The System Program is also the default owner of an account when the account is created by create_account. It is then allowed to transfer lamports and importantly assign account ownership, i.e., changing owner to a different program id.
The SPL Token Program provides functions for creating and managing tokens (including both fungible and non-fungible tokens, i.e. NFTs).
spl_token is commonly used to create new tokens, mint, burn, and distribute to users. The following instructions are frequently used in Solana smart contracts:
The Associated Token Program allows a user to create a main token account for each token they own. Internally, it maps the user’s wallet address to a unique associated token account for each token mint.
Specifically, to create an associated token account for the given wallet address and token mint: create_associated_token_account
The Stake Program is used to create and manage accounts representing stake and rewards for validators or their delegators.
The following instructions are often used:
The Vote Program is used to create and manage accounts that track validator voting state and rewards.
The Config Program is used to add configuration data to the chain including the list of public keys that are permitted to modify the data.
vote and config are primarily used by Solana validators, so we omit details here.
The Ed25519 Signature Verify Program takes an ed25519 signature, public key, and message, and is used to verify if the message is signed by the (corresponding secret) private key.
By default, signatures are verified in parallel using all available CPU cores. When perf-libs are available signature verification is offloaded to the GPU.
Multiple signatures can be verified. If any of the signatures fail to verify, an error is returned.
The Secp256k1 Recover Program is used to recover Secp256k1 public key from a signed message (ecrecover). It is added to support Ethereum / Solana bridge.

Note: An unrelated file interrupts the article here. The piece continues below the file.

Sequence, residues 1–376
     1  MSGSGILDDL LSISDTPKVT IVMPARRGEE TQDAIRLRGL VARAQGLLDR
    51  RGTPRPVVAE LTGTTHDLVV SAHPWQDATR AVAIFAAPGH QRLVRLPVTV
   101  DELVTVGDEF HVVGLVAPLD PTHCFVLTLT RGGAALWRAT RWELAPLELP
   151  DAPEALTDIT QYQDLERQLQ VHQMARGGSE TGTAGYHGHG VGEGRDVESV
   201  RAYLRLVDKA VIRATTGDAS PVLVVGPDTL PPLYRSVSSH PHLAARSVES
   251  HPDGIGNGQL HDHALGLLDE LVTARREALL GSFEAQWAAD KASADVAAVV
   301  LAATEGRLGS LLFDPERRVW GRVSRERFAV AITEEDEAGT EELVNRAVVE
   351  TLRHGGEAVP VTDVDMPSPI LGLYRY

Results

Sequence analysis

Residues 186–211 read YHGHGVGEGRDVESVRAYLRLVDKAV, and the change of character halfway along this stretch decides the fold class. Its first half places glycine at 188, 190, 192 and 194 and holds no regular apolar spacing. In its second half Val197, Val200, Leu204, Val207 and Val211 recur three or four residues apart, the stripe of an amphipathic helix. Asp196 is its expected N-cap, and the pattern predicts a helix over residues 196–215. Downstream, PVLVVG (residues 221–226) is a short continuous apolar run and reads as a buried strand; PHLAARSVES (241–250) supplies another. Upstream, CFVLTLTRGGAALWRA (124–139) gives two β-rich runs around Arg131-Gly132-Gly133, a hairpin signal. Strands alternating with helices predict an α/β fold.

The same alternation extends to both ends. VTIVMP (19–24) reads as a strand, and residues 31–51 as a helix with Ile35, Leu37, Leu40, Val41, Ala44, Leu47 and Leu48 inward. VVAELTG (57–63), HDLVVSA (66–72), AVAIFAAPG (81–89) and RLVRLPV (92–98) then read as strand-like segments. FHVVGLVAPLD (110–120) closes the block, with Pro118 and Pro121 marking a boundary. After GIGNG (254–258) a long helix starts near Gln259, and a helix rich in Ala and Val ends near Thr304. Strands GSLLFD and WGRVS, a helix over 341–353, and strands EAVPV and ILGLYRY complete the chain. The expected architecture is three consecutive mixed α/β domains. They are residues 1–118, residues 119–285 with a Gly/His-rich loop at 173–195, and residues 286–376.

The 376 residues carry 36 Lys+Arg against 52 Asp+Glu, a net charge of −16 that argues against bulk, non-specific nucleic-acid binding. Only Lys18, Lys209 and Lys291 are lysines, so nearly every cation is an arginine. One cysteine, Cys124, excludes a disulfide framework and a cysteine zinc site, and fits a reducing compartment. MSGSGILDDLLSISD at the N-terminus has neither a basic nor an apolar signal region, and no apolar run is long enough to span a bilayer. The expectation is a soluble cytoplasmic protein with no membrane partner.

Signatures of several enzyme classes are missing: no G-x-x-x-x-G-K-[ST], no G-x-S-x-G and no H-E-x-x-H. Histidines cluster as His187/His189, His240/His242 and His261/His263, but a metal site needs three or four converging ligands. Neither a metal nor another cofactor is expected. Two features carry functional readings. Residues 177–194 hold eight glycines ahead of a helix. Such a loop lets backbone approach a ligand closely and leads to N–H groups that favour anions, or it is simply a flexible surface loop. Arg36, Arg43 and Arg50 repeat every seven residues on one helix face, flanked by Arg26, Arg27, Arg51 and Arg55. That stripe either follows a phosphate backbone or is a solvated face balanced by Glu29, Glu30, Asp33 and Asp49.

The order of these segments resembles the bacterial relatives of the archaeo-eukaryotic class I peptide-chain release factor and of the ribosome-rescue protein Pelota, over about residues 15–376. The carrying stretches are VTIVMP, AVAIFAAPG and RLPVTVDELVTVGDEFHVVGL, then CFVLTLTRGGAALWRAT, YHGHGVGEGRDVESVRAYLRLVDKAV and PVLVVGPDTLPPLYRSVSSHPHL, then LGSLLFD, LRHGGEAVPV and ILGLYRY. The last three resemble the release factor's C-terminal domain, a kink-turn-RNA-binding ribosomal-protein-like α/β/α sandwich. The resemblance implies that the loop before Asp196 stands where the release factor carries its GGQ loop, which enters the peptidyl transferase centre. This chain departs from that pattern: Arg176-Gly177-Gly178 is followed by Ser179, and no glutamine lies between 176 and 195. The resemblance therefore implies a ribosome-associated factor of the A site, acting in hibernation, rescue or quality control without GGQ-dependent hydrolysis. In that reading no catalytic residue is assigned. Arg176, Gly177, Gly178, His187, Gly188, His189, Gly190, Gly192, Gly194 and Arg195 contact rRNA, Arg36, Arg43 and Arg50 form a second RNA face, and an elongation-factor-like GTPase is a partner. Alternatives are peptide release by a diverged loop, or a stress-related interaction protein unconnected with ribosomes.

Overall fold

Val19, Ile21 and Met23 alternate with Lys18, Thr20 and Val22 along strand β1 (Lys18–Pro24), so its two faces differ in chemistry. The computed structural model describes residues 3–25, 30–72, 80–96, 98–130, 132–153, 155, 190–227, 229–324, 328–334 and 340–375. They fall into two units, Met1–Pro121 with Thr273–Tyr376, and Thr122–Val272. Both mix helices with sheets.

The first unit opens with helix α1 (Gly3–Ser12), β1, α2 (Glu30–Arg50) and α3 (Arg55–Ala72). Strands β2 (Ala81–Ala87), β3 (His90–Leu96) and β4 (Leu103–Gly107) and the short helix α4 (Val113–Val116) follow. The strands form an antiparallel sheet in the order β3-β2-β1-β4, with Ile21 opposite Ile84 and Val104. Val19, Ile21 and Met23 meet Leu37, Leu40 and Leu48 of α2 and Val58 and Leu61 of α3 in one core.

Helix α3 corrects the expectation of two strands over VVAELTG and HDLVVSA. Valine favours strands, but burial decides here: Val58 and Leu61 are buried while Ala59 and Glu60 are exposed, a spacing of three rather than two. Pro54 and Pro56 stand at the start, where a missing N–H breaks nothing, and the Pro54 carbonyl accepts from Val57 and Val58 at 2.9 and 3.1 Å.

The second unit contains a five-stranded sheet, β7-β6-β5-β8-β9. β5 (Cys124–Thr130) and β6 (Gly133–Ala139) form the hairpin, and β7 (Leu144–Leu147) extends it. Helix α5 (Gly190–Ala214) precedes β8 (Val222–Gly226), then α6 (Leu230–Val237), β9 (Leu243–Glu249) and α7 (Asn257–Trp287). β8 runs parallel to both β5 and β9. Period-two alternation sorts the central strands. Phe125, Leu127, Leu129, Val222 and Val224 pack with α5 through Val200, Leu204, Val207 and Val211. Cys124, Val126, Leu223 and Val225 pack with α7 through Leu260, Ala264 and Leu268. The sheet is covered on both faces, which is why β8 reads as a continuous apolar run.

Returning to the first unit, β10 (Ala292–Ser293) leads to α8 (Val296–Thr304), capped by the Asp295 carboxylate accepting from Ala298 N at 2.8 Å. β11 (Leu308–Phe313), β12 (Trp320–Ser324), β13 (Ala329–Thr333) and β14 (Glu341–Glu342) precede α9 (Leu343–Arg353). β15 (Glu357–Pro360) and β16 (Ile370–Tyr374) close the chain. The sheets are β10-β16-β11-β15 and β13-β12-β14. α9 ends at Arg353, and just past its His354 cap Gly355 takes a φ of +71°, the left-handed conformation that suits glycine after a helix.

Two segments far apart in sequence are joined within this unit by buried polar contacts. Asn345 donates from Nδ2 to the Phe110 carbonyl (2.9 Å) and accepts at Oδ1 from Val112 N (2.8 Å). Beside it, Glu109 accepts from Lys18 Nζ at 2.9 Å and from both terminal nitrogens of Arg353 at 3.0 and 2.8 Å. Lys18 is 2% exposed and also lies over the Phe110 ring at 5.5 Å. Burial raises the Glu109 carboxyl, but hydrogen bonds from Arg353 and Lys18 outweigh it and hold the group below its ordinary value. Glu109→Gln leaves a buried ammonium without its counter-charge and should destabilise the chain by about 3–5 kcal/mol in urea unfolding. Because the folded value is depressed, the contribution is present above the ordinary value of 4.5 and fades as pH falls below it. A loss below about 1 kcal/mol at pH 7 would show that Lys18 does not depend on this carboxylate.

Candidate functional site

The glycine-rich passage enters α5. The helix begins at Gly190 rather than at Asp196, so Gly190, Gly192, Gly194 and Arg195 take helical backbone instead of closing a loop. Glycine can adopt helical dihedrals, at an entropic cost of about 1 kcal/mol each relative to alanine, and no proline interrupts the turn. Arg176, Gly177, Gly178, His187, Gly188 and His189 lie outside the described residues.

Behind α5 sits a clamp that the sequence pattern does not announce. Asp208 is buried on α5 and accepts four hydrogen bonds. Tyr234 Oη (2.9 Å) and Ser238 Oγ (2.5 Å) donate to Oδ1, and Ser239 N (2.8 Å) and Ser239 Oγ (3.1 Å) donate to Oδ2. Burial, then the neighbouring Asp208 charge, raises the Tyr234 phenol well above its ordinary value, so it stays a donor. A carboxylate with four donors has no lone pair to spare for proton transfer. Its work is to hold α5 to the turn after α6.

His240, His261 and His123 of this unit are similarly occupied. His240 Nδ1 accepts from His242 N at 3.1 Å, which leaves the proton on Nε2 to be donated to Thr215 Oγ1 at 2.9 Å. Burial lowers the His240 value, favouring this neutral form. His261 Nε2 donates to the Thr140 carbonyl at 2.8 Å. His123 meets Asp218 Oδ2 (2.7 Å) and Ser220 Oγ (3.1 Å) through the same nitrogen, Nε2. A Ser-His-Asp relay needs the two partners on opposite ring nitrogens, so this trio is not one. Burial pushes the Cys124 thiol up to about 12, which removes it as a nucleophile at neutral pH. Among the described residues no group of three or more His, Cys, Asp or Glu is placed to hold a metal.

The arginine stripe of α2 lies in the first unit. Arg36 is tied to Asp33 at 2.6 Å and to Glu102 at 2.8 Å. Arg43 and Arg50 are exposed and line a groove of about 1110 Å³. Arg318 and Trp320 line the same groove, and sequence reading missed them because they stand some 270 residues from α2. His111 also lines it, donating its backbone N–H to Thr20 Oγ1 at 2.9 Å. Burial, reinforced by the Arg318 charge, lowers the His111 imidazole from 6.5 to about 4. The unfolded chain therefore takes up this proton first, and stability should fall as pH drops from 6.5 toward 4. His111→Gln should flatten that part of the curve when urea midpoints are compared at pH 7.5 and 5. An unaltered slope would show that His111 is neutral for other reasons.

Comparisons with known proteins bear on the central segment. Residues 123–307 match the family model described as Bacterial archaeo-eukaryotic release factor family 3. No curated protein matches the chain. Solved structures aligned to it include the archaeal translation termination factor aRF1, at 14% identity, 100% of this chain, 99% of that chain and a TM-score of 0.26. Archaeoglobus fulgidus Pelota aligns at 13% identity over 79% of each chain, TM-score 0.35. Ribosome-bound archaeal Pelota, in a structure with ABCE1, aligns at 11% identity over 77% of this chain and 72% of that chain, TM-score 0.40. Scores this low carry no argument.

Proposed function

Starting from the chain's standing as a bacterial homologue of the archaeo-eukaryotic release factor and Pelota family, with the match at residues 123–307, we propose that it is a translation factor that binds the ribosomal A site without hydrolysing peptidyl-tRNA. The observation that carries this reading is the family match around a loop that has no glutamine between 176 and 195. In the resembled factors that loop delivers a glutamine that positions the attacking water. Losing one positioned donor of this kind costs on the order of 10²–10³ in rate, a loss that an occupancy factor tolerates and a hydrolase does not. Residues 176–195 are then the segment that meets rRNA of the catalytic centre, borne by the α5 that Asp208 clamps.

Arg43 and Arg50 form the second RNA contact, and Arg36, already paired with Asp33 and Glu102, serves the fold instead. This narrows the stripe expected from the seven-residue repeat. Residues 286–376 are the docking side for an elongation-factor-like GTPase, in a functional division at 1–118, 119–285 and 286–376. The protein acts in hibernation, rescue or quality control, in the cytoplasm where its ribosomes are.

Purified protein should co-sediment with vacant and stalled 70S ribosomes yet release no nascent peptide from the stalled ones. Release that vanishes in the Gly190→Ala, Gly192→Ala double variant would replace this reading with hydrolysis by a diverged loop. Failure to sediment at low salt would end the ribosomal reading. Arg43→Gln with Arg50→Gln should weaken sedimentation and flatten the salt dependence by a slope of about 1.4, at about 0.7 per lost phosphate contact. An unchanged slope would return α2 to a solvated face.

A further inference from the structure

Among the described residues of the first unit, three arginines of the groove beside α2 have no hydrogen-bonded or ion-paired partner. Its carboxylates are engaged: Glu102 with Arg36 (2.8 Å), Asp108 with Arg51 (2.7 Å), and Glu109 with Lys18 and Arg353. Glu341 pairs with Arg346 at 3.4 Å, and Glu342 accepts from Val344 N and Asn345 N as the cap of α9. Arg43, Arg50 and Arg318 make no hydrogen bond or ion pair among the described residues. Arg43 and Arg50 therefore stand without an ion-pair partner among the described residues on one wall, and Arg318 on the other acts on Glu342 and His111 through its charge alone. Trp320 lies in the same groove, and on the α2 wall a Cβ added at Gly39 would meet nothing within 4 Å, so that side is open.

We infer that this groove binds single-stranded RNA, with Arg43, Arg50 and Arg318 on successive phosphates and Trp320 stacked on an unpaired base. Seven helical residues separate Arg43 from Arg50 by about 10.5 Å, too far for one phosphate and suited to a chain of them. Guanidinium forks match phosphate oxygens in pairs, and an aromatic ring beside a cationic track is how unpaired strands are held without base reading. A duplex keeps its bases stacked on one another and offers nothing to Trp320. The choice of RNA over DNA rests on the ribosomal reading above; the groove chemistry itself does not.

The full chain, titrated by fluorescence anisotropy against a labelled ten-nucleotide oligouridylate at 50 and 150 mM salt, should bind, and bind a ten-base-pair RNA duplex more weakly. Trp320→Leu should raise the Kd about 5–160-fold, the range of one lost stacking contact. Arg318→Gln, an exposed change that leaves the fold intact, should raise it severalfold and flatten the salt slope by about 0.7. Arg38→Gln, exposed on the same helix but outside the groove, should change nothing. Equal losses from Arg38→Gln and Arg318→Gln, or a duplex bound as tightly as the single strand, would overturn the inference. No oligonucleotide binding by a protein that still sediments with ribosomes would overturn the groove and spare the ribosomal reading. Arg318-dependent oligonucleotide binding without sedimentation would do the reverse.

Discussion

Secp256k1 is the name of the elliptic curve used by popular blockchains (e.g., Bitcoin, Ethereum) to implement public key cryptography. All points on this curve are valid public keys.
Both Ed25519 and Secp256k1 programs are precompiled in Solana to maximize performance.
It should be noted that although these native programs are generally trustworthy and (mostly) stable, to ensure security it is important to understand their assumptions and use instructions in their expected way.
We use a security case of the SPL Token program to illustrate this point.
Before spl-token v3.1.1 (released on 2021–05–18), there was a vulnerability in the token instruction code that allows invoking an arbitrary program (instead of the real spl-token program). The fixes are in this commit.
The fixes add check_program_account in all the token instruction functions to ensure the user-provided token_program_id is the same as the spl-token program_id TokenkegQfeZyiNwAJbNbGKPFXCWuBvf9Ss623VQ5DA.
The check_program_account function is shown below:
The root cause of this vulnerability lies in an inconsistent assumption between the expected usages of the spl-token program and its potential usages.
Therefore, to avoid such vulnerabilities (thus attacks) in general, it is important to